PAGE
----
My 15 year old and I are sitting with our friends. A discussion begins about the hairs on my son’s thighs – my son laughingly complains about the way they are growing (randomly) and our friends gently tease him about them.

I say “They’re the same as Papa’s leg hairs”. “Did Papa have hairs on his chest?”, he asks. Gosh, …. I struggle to remember that part of his body and I’m shocked. “He had hairs around his nipples, and I think he had a little tuft right in the middle of his chest but right now I can’t quite remember.”, I answer slowly.

So often at night as I’m waiting to fall asleep, I roam around his body seeing if I can still remember what it looked and felt like – if I can remember all the little details. As I struggle to remember his chest clearly, I notice my fear that he is starting to fade in my memory.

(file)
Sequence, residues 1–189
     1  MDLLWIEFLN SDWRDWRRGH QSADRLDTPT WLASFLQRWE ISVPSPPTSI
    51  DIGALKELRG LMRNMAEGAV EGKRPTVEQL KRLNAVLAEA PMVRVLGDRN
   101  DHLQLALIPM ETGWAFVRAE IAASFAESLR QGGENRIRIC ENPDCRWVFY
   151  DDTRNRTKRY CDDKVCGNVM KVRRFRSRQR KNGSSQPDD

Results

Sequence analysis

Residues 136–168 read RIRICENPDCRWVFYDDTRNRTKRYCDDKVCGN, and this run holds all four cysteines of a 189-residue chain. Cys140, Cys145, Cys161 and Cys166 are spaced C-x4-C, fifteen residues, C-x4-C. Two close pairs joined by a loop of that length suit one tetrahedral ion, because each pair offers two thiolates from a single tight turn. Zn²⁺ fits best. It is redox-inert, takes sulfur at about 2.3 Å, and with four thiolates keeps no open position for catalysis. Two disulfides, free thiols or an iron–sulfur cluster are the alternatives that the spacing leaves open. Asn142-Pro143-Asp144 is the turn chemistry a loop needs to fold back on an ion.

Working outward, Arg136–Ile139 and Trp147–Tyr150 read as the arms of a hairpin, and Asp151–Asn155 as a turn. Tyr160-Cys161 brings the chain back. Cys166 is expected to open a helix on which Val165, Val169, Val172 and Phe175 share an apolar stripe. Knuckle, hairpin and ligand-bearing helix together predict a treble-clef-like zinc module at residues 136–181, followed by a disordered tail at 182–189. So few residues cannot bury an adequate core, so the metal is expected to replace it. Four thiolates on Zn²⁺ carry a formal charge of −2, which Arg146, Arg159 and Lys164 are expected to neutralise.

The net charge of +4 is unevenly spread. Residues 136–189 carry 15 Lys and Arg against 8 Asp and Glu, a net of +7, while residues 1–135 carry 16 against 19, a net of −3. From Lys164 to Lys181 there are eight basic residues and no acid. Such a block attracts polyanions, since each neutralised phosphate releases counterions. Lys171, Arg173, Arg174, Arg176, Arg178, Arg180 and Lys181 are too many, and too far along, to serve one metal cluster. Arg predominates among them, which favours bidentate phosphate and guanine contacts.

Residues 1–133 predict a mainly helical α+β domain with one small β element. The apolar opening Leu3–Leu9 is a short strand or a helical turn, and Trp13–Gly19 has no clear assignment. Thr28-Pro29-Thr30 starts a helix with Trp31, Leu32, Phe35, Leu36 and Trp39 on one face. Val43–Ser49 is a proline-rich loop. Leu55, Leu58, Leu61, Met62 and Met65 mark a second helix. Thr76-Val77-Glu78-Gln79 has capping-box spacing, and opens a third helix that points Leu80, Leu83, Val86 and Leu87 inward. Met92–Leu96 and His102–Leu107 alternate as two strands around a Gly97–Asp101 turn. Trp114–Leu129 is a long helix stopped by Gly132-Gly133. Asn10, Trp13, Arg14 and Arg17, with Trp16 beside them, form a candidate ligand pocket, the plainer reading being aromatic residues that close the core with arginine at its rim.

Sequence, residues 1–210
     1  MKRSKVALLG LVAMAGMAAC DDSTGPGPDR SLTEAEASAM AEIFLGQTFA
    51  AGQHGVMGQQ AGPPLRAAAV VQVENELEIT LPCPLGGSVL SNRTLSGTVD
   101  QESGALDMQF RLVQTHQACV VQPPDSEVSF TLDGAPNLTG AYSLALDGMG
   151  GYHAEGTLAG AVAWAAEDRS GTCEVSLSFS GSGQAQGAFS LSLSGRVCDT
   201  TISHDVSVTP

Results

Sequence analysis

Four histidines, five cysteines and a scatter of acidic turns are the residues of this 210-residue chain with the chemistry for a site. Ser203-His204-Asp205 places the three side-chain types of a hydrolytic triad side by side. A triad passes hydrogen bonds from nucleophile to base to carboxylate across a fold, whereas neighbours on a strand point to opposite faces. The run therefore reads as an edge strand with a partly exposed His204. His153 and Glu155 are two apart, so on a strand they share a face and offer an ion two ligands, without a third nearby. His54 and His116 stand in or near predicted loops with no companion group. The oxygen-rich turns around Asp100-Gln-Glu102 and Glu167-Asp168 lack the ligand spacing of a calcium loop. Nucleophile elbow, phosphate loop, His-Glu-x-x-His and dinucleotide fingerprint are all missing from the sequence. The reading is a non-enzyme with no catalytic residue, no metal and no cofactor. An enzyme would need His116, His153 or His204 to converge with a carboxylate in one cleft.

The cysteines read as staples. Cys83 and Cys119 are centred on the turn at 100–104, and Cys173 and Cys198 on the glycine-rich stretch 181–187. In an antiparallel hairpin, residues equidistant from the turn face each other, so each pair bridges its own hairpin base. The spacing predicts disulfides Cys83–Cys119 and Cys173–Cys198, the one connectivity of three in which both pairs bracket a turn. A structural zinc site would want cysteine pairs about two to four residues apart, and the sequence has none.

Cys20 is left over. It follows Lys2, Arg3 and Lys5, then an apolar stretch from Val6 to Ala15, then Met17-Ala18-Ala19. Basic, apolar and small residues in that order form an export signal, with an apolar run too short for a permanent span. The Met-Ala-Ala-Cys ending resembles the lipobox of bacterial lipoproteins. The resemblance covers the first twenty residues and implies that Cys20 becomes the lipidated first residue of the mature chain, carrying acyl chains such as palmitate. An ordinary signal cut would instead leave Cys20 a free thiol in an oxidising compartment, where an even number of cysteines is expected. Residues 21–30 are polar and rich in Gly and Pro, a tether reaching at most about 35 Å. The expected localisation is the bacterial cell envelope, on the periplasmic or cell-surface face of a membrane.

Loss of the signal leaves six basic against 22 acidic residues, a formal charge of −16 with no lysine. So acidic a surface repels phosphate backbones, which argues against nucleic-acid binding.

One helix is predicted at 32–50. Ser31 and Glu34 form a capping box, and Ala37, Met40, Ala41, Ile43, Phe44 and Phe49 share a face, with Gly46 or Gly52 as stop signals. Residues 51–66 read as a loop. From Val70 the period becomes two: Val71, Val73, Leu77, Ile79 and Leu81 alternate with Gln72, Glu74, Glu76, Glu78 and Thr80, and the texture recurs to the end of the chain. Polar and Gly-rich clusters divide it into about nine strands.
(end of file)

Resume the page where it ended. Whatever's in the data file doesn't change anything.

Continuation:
I acknowledge the part of me that wants to keep him alive in my mind for as long as possible. That night, as I lie waiting for sleep, I linger on his chest in more detail, gently letting my tears fall and giving myself the space to miss him and long for him.

In the dark, with my daughter sleeping by my side, I grieve freely. No-one here to feel bad for me, no-one to look at me with pity in their eyes, no-one to tell me the grief will ease over time, no-one trying to make it better for me, just the space to grieve without being comforted and without feeling the need to explain.

Just the space to be with what is.